How I Minimised My Gaming Room

It’s been a busy week – one of selling my excess on Ebay and frantically going and back and forth to the post office. This is a direct result of purging the excess that was in the gaming room,and the attic. Despite this post being about decluttering games, I can assure you that it applies to anyone with any hobby that involves collectables. I recognise that there are minimalists out there who list gaming as one of the many time sinks alongside Netflix and social media, but I believe that as long as your hobby is intentional and brings true value to your life, there’s nothing wrong with that.

I’ve always had a passion for gaming, so I had a grand library of games and figures permanently on display. Even though I thought I had already sold or donated the ones that no longer held value to me, I recently had another look around at my collection. Beautiful and organised, but still too much.

There were more games that I could never hope to play in a lifetime, and it wasn’t all adding value to my life like I had originally thought. You see, I’m not perfect, but the more stuff I purge on my journey, the easier I am able to see the things that don’t matter.  

I came across games I hadn’t touched in years, games I had bought years ago for the sake of collecting, games I already owned digitally, and games that I owned improved versions of. There were also figurines that had long since been out-favourited, and a few shelves of CD’s I hadn’t opened in years. So, I went through the usual process of evaluating every object, and as I went along I started pulling things out and piling them against the wall where it eventually formed a mountain.Then I did something that my old self would have found abhorrent just a few short weeks ago – I put all of my treasured CD’s and their booklets into a CD binder, and threw all of the cases away; even the ones I’d had since I was a teenager. One might argue that there’s no point in keeping CD’s at all in an age where everything is digital: that’s down to you to decide. But I will say this: if one of the services ever went down or one of the companies decided to revoke licensing for any of the tracks, I still have access to my favourites on those discs. It also prevents me from repurchasing songs if I can’t find them on Spotify.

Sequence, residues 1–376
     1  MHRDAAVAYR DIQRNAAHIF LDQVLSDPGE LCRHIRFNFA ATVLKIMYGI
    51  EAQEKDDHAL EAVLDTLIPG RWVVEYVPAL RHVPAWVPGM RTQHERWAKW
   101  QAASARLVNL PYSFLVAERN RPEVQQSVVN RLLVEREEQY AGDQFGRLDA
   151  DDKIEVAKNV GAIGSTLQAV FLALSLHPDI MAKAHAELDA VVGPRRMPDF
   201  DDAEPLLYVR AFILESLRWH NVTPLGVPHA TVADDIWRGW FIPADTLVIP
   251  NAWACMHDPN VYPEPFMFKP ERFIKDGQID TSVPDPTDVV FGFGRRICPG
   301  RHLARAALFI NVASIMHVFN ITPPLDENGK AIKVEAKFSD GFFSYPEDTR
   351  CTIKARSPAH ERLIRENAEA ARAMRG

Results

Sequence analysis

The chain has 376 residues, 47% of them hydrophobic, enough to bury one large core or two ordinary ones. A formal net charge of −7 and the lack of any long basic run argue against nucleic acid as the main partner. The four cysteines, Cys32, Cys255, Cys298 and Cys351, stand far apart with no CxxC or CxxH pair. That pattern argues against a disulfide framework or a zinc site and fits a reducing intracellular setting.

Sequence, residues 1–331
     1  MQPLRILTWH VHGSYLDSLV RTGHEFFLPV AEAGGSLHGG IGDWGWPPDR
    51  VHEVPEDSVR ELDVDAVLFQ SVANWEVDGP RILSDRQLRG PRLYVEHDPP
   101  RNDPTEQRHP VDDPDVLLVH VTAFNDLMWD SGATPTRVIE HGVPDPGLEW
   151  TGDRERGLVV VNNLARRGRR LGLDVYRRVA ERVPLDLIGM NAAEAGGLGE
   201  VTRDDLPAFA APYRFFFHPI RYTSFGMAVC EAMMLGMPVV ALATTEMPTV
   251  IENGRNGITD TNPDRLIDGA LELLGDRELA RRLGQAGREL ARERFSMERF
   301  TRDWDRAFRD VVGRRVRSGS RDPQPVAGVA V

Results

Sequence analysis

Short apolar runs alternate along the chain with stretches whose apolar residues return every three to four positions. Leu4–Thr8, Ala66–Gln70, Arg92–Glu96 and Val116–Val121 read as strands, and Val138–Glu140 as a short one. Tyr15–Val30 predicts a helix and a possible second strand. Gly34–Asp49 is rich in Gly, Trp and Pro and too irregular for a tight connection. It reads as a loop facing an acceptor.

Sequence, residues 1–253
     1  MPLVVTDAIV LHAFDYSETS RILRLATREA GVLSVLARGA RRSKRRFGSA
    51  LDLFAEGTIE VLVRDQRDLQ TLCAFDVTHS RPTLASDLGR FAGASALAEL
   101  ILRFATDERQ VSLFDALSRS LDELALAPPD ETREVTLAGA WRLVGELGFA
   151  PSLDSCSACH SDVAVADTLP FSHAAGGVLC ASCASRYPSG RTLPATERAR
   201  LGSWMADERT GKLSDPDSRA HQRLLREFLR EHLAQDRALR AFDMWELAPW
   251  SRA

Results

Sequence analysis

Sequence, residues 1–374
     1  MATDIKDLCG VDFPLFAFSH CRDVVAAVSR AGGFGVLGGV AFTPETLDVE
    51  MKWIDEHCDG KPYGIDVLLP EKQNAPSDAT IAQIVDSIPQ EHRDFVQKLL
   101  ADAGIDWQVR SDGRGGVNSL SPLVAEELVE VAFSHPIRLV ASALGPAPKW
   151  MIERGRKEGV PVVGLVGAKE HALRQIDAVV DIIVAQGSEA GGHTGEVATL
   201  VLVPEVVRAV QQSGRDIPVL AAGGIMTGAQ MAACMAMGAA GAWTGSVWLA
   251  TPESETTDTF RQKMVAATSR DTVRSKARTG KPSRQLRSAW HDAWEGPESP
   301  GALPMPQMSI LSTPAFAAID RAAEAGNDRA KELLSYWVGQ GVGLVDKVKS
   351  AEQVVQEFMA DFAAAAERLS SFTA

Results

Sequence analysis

A curated shelf in the gaming room

Going back to my mountainous sell pile; it was astonishing to think of the weight these items were adding to my life, both physically and metaphorically. All of them had been sitting on shelves collecting dust, or hibernating in storage boxes never to grace another surface again.

Through further minimising the gaming room, not only did I find myself not needing my CD tower anymore, I made a nice amount of cash out of the items which were worth a significant amount. Cash which I’m learning to be mindful about. While on the subject of money, I’d just like to remind you not to get caught in the trap of keeping things due to a made-up monetary value in your mind. Do your research, and if it’s not worth the effort to sell it, donate, instead. Let go of the guilt of spending money from years in the past and make a new start, today.

Since freeing up all that extra space I’ve been able to display things which do mean a lot to me, that I had no space for before. Things like my Sega Mastersystem II which has a lot of happy memories attached and makes me smile whenever I see it. After all, why should my treasures have been collecting cobwebs in the cold, dark attic, while superfluous things took the spotlight? There may come a day when I decide I no longer need half the stuff that I find valuable to me now. And that’s OK. Because when it comes to letting go I will be ready and,hopefully, so will you.

Photo by Darius Bashar on Unsplash

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